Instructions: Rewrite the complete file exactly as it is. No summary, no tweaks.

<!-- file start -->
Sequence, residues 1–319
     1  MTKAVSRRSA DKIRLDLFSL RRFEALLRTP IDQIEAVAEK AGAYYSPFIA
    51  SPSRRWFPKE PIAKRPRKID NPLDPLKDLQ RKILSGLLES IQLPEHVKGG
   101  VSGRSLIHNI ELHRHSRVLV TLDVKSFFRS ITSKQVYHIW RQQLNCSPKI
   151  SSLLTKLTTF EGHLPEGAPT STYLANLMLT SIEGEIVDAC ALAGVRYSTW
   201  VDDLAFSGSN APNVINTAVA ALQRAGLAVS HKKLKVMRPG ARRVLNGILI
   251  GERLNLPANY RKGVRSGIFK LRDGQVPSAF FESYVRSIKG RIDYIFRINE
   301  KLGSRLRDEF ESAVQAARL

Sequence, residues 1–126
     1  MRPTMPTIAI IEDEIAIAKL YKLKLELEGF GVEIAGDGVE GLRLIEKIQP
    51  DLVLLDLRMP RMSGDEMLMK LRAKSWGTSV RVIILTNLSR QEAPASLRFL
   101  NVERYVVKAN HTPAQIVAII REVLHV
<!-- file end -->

Sequence, residues 1–319
     1  MTKAVSRRSA DKIRLDLFSL RRFEALLRTP IDQIEAVAEK AGAYYSPFIA
    51  SPSRRWFPKE PIAKRPRKID NPLDPLKDLQ RKILSGLLES IQLPEHVKGG
   101  VSGRSLIHNI ELHRHSRVLV TLDVKSFFRS ITSKQVYHIW RQQLNCSPKI
   151  SSLLTKLTTF EGHLPEGAPT STYLANLMLT SIEGEIVDAC ALAGVRYSTW
   201  VDDLAFSGSN APNVINTAVA ALQRAGLAVS HKKLKVMRPG ARRVLNGILI
   251  GERLNLPANY RKGVRSGIFK LRDGQVPSAF FESYVRSIKG RIDYIFRINE
   301  KLGSRLRDEF ESAVQAARL

Sequence, residues 1–126
     1  MRPTMPTIAI IEDEIAIAKL YKLKLELEGF GVEIAGDGVE GLRLIEKIQP
    51  DLVLLDLRMP RMSGDEMLMK LRAKSWGTSV RVIILTNLSR QEAPASLRFL
   101  NVERYVVKAN HTPAQIVAII REVLHV